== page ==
Monday, October 11, 2010

On the Way: the Rice Market

Nice to see, as the Post & Courier reported this weekend, that the old Boathouse location down on East Bay St. will soon be home to a new restaurant called the Rice Market.   It sounds like the Crew Carolina guys are going to be involved in running the place, and it will serve "regional and international cuisine."

I'm not exactly sure what to make of this comment from one of the partners, Walter Brock, in explaining the restaurant's motif: "We have an overabundance of Lowcountry fare, which is always delicious, but if you live in Charleston full-time you don't get the same thing you get in bigger cities."

It's not like shrimp and grits and she crab soup are the only things you can eat in Charleston.  La Fourchette, Fat Hen, 39 Rue de Jean, G&M, Mistral, Trattoria Lucca, Al Di La, Bacco, Fulton Five, Pan e Vino, Wild Olive, Mercato, Il Cortile de Rey,Fuel, el Bohio, Cajun Kountry Kitchen, Basil, Quyen/Party Kingdom,  Pho Bac, Tasty Thai, Red Orchids, Olimpik, Samos Taverna, Opa Cafe, Manny's, Nirlep, Pooja's, Taste of India, Lana, Muse, Ali Baba, the other Ali Baba, La Nortena, Santi's, Uno Mas, Wasabi, Tsunami, O-Ku, Sushi Haru, Chai's Lounge, and the Voodoo Lounge are just a few of the "international" places that immediate spring to mind.

But, still, I'll be curious to see what the Rice Market brings to the mix.  It's a great location and a big space to work with.


Anonymous said...

Your prognostications do amuse me, so I'll jump start you with a few of my own for upcoming food trends:
Home brewing of liqueurs like your limoncello. Some of our friends make a dynamite liqueur based on loquat seeds, and I feel the urge to doctor some vodka for the holidays. Spices, cherries, hmmm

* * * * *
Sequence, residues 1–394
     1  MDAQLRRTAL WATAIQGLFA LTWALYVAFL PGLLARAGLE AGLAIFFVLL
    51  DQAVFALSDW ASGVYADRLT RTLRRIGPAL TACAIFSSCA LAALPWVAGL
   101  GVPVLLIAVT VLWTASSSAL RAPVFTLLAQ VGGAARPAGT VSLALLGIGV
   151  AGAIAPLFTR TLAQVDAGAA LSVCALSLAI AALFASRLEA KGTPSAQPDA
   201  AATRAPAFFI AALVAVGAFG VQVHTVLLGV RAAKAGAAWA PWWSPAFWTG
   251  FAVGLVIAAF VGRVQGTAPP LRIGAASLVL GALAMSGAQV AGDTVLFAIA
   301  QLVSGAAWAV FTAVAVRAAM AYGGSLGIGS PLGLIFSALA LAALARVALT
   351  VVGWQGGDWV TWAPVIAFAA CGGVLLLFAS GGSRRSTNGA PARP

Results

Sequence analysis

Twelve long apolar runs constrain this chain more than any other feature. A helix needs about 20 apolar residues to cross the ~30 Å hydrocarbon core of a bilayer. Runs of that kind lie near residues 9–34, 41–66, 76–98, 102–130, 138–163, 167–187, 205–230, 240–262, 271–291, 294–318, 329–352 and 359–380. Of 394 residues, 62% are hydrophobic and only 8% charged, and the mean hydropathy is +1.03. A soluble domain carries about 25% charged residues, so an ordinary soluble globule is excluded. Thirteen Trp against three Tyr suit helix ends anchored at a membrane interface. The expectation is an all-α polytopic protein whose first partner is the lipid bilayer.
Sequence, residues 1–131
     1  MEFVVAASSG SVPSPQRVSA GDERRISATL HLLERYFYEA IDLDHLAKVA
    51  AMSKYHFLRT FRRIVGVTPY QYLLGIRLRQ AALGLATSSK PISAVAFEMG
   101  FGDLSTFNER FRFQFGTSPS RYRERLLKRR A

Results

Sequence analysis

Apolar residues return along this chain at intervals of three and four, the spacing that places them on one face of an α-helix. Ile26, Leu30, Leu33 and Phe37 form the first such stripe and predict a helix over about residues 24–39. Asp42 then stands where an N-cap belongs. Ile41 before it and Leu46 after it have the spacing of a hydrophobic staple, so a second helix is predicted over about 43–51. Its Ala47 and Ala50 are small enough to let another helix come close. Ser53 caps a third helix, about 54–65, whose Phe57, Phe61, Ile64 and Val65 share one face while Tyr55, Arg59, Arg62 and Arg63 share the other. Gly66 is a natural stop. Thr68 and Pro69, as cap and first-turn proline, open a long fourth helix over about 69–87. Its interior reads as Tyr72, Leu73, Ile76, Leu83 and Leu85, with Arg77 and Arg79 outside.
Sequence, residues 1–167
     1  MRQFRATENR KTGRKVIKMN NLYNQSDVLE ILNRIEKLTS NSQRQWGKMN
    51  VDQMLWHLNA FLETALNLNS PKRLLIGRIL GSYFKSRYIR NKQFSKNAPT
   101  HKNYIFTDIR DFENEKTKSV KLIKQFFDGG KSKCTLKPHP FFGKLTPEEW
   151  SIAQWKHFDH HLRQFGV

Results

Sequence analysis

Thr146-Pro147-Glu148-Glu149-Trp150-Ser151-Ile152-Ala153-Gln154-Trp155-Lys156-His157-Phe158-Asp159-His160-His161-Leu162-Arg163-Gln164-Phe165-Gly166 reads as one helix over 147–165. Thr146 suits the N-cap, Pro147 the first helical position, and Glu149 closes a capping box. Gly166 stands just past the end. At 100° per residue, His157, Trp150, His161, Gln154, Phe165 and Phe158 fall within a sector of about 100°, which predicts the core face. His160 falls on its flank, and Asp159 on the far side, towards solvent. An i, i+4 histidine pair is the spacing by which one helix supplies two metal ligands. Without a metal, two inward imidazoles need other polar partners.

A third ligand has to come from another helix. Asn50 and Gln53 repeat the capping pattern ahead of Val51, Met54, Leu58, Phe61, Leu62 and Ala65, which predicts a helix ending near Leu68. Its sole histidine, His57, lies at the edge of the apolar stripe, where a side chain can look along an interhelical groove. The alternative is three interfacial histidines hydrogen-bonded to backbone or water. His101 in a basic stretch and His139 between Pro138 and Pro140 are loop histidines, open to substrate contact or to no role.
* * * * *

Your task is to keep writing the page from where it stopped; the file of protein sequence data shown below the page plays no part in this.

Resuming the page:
In home sausage and rillete production. Prague powder is hard to find, though.
More meals at home with friends. Restaurants are too expensive for this economy, which explains why the 3 for 20 and 3 for 30 weeks got us to try places we'd never been to. Plus, they are often just too noisy to hear what someone across the table says. We've left noisy places because part of the pleasure of a meal out is talking at the table. They don't want the hassle and cost of tablecloth and curtain and carpet and upholstery cleaning, but it's costing them business as a result. So we are inviting friends in more. Cheaper, too.
More catering and carry-out meals from moderate to upscale restaurants.
Your turn!

Robert said...

Thanks, anon. I've been trying to gear myself up for another round of prognostications, but the spirit just hasn't moved me yet. I'm 100% with you on the homebrew and sausage making. But, for some reason, I just don't see the return of the dinner party or even the casual meal at home with friend returning in a big way. Not sure why--just a sense I have.

I think people LIKE the notion of having dinners with friends in their homes, but that pulling it off is a big barrier. Probably because we don't eat at home w our families as often as we would like we are extra cautious about inviting others over. I hope I'm wrong and that dinner partiesnwill return to vogue in a big way. But, if it does I, for one, will be quite surprised.

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